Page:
- 0.0.0.1 Broome is described as sleepy and charming. Yet it conceals centuries old stories and a 22km long peninsula landscape so wild and coated in a spectrum of fierce colours, that you’ll be completely sucked into this tiny town instantly.
- 0.0.0.2 While Broome attracts those eager to understand its history, it is not to be easily known by everyone who passes through. You soon learn that you must connect with those at one with the land, in order to find the parts that remain the most sacred and as they have been for millennia.
- 0.0.0.3 I left, only more eager to return.
- 1 Things to Know:
Broome is described as sleepy and charming. Yet it conceals centuries old stories and a 22km long peninsula landscape so wild and coated in a spectrum of fierce colours, that you’ll be completely sucked into this tiny town instantly.
A two and a half hour flight brought me straight from Perth to Broome – known more affectionately as the ‘pearl of the north’. It was the second stop of my ‘Just Another Day in WA’ experience where I spent one week travelling around this little-known side of Australia. From city to the wilds, Broome is where nature dominates – in the picturesque curves of its 22km coastline, the rocky peninsula walls and hidden in its tropical outback.
Gantheaume Point in Minyirr Park was our starting point – a collection of fiery ochre orange sands and red rock formations such as ‘Anastasia’s pool’. At the bottom of the cliff-face are sands that conceal 120 million years old preserved dinosaur footprints said to relate to TREX.
You’ll find avid prehistoric buffs out looking for the evidence when the reef is at a low tide of 2.16m or less, as well as on the connecting Cable Beach where more footprints were recently discovered. For those, like myself, who are not so lucky to have found the prehistoric markings, a plaster copy is on shown at the top of Gantheaume Point.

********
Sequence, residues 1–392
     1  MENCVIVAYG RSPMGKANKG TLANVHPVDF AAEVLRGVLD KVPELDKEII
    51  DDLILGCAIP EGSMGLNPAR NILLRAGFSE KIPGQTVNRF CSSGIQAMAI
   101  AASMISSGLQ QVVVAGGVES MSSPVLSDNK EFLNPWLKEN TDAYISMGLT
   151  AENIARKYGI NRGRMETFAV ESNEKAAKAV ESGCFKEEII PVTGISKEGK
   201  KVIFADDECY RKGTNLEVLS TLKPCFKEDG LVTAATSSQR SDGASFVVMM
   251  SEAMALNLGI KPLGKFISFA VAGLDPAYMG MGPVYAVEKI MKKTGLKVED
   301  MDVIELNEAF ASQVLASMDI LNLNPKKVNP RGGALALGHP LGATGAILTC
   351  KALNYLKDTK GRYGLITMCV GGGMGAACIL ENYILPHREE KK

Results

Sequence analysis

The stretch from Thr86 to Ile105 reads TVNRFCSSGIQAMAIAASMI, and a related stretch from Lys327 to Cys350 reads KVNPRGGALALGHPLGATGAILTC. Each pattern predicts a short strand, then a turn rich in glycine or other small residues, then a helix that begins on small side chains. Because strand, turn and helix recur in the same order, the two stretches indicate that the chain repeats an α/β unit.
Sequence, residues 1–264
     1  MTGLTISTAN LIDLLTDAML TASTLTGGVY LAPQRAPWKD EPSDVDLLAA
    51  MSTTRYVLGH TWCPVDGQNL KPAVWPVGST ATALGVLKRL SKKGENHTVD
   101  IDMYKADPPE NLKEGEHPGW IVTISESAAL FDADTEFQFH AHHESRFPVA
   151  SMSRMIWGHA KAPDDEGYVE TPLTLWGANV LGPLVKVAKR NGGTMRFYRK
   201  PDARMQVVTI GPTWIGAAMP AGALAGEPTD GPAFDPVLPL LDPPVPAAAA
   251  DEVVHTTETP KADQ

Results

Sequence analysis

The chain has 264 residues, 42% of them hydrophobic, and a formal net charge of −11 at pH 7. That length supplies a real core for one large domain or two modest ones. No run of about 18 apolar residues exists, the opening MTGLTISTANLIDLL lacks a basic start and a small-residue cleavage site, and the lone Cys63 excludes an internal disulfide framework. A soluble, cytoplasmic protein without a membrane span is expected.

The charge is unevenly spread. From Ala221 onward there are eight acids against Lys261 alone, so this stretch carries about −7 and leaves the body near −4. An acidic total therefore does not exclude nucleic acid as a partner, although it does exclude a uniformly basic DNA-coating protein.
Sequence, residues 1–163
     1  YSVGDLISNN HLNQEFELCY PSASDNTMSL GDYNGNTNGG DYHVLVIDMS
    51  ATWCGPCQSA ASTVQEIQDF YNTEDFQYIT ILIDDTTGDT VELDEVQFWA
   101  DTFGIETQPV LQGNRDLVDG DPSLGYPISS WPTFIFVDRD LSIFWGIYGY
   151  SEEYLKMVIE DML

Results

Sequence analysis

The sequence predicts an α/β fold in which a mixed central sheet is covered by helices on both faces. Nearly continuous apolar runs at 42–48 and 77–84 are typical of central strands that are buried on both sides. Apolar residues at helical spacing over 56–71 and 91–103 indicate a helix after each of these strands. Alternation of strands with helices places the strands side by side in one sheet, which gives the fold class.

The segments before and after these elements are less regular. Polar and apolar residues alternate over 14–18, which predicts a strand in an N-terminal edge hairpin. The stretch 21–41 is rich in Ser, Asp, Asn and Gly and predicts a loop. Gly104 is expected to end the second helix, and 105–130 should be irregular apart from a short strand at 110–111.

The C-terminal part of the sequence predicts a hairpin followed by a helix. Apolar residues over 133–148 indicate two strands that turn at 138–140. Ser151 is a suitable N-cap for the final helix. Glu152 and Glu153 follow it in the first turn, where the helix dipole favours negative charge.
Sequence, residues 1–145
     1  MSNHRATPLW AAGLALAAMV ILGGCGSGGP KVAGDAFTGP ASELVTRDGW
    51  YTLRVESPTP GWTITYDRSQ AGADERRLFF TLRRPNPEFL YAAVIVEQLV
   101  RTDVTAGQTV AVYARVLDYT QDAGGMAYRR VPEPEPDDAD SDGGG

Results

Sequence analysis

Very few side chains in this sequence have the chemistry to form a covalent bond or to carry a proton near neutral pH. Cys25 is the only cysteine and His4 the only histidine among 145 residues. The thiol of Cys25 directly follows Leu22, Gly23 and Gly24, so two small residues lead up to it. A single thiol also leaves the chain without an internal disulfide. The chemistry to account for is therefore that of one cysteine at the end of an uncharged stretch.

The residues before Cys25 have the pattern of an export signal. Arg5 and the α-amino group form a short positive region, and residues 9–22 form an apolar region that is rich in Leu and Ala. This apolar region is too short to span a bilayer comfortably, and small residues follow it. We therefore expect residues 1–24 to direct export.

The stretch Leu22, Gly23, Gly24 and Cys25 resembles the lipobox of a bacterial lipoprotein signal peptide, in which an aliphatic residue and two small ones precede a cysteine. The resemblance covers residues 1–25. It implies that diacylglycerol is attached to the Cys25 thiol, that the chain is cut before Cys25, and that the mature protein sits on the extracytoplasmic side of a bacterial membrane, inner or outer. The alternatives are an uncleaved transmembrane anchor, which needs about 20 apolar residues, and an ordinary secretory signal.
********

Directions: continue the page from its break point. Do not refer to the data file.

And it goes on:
Broome is the beholder of a sunset I consider to be one of the most beautiful I have seen in the world. The sky is alight in majestic reds and purples that repaint the daytime vivid blue skies that watch over a peninsula said to ‘move to the rhythm of the tides’.
To mark the occasion, the long white sand stretch of Cable Beach plays host to a fleet of camels each evening, who have come to mark the famous picture of the setting of the sun out across the Indian Ocean.
A town where lodgings-turned-retail hubs and old wooden jetty planks lead you to a pearling trade past; Broome is the centre of a significant period of Australian history. Broome is where Malay, Chinese, Japanese, Filipino, European and Aboriginal cultures blended together in the early 1880s, working as pearl luggers who lived in what is now the central Chinatown retail hub.
This history is still present. Carnarvon Street’s remaining white corrugated iron Pearling Master’s houses that now conceal pearl shops, eateries and cafes still bear the distinctive red and green paintwork (the left over paint from the undercoat of the luggers). There’s also the still operating Sun Pictures, which stands as the oldest outdoor movie theatre in the world, which you can still look around even if you are not planning to watch a movie. You will see old pictures of the time when there was segregated seating and separate entrances for the Aboriginal people.